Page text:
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Exit Polls

July 13, 1998 | Associated Press
Ecuadoreans sought an end to their nation's political chaos by electing a new president Sunday. Exit polls showed the race too close to call. Jamil Mahuad, mayor of Quito, the capital, had about 51% of the vote to about 49% for populist banana tycoon Alvaro Naboa, according to a TV-sponsored exit poll. The poll's margin of error placed the candidates in a statistical dead heat.
January 18, 2010 | By Megan K. Stack
Viktor Yanukovich, the burly former mechanic ousted by popular revolt just five years ago, salvaged himself to claim top place among contenders for the Ukrainian presidency Sunday, exit polls indicated. His longtime rival, Prime Minister Yulia Tymoshenko, will be a close second, the survey predicted. The exit poll results, if borne out by the slow counting of ballots, mean that the contentious pair will battle for the presidency in a runoff next month. The choice of a new leader marks a milestone in Ukraine's post-Soviet evolution, and many voters appeared disillusioned and hungry for change -- if wary of fresh rounds of infighting and scrapping for power among the Ukrainian elite.
November 18, 1996 | Associated Press
Romanians appeared Sunday to have opted for a new start, with exit polls suggesting they elected a newcomer to the presidency over the wily ex-Communist who led them through the first years of democracy. Results were not expected until this afternoon. But exit polls aired on private and state television just after voting ended at midnight suggested that Emil Constantinescu had defeated incumbent Ion Iliescu.
March 2, 1988 | Associated Press
A federal judge Tuesday gave the three major television networks the go-ahead to take exit polls at Georgia voting places during the Super Tuesday presidential primaries next week. CBS, NBC and ABC had sued state and Fulton County election officials to stop enforcement of a 1985 law prohibiting exit polls or public opinion surveys within 250 feet of a polling place. U.S.
November 26, 1989
Kudos and hip-hip-hurray to Roger Simon for his views on the exit poll (View, Nov. 19). The recent TV journalistic embarrassment in New York City and Virginia is cause for sanctity of the secret ballot. Simon is correct in saying that people are sick of pollsters and that the practice of lying to them is a healthy sign. WALTER MORYKWAS Camarillo
November 8, 2006 | Matea Gold, Times Staff Writer
Heading into Tuesday's election, the broadcast and cable news networks took pains to stress that they had worked to fix the problems that marred the 2004 exit polls.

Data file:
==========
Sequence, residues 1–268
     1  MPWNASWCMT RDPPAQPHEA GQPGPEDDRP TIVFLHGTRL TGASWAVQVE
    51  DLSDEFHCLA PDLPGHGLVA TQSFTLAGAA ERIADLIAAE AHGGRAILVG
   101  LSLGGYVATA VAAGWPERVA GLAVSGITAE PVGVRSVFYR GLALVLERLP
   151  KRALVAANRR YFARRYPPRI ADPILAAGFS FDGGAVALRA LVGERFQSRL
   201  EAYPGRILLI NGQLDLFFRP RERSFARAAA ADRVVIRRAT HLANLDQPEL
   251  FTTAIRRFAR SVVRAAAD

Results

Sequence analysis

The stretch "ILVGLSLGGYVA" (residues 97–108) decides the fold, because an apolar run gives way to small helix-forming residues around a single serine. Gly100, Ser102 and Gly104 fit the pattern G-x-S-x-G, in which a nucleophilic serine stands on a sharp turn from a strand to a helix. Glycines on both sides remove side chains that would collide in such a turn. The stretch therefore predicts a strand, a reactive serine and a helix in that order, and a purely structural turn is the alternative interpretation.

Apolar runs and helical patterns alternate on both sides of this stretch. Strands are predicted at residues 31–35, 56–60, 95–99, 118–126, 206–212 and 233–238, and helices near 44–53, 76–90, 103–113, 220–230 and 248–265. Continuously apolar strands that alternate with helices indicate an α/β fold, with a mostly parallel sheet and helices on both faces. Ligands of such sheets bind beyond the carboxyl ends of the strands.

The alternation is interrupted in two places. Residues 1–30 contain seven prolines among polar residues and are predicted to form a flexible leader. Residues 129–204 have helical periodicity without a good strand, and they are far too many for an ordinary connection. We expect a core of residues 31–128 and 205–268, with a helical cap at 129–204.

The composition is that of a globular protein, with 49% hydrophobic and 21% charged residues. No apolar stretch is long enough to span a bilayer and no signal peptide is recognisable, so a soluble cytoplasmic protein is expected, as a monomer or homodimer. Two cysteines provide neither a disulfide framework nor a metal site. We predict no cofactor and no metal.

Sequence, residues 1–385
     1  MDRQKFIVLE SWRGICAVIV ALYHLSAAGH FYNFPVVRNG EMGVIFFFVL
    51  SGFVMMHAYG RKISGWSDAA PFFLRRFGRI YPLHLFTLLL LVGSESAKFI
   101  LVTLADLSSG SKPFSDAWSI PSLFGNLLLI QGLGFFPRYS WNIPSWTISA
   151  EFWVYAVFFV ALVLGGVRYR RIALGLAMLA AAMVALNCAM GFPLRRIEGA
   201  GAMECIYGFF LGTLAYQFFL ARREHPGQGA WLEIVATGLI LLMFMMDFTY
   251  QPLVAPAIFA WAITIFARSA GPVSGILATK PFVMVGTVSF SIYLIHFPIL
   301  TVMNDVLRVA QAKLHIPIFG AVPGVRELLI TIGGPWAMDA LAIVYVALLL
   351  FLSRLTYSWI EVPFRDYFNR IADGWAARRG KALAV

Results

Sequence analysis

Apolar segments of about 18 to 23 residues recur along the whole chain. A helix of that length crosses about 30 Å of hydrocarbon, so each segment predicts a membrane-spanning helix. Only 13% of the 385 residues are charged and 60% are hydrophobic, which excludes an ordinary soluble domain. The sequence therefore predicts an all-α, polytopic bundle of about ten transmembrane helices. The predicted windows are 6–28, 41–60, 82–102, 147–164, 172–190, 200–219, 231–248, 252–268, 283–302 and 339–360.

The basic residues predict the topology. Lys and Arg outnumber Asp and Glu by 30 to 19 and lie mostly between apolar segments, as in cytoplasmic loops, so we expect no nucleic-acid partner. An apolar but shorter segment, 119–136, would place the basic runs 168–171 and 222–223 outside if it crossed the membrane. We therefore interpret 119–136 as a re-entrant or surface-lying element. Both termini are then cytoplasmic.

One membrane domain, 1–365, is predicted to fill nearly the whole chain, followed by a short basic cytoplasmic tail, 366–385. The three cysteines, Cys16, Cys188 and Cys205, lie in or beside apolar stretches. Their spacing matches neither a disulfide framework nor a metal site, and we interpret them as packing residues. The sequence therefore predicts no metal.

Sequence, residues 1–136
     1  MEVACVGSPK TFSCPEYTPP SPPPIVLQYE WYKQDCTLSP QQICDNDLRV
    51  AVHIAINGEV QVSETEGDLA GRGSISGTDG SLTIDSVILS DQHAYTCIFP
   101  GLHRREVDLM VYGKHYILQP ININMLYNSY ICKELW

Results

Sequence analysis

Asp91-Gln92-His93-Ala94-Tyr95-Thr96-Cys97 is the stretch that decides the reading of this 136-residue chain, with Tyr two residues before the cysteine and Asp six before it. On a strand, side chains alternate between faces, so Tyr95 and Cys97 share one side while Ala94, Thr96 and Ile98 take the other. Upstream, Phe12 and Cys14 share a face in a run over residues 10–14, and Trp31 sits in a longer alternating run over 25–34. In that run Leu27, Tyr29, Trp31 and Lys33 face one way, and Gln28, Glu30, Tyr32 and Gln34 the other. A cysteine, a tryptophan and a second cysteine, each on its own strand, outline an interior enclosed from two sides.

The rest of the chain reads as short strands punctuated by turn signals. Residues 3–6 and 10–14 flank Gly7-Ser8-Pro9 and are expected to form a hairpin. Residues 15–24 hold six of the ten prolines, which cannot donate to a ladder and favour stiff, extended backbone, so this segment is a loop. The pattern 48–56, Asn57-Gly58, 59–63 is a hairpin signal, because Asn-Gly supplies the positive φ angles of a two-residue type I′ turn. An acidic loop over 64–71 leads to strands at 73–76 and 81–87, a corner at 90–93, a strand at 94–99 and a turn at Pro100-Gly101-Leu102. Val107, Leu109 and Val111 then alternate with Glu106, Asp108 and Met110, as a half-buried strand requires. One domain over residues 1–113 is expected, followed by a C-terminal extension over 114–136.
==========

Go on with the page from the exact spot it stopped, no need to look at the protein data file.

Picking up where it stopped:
May 10, 1985 | BETH BOTTS, Times Staff Writer
Media maverick Ted Turner opposes setting a uniform national closing time for election places because it is unreasonable for the federal government or the states "to conform their election laws to the dictates or interests of the three New York networks," a spokesman for Turner said Thursday.
November 13, 2003 | Larry Stewart, Times Staff Writer
When the Vancouver Grizzlies moved to Memphis two years ago, an effort was made to name the team the Memphis Express. The hope was the name would seal a $100-million sponsorship deal with FedEx, the Memphis-based company formerly known as Federal Express. But the NBA nixed that idea. "We don't permit teams to be named after commercial entities," NBA spokesman Mike Bass said at the time. Politics and team names apparently don't jell either.
July 6, 1988 | DAN WILLIAMS, Times Staff Writer
On the eve of Mexico's most hotly contested presidential election, the government has prohibited a local affiliate of the Gallup organization from taking a survey of voters as they leave the polls today. The decision, announced Tuesday, is almost certain to raise suspicions that the government plans to commit fraud to aid its candidate, Carlos Salinas de Gortari. In Mexico, official results are not released until several days after the polls close.
April 9, 1992 | Associated Press
Neither President Bush nor Democrat Bill Clinton could take much satisfaction from results of exit polls in Tuesday's primaries, but Texas industrialist H. Ross Perot might--although his name was not on any ballot. Exit polls of voters in New York, Kansas, Wisconsin and Minnesota indicated the kind of support Perot might be able to command if he were to run as an independent candidate for President in November.
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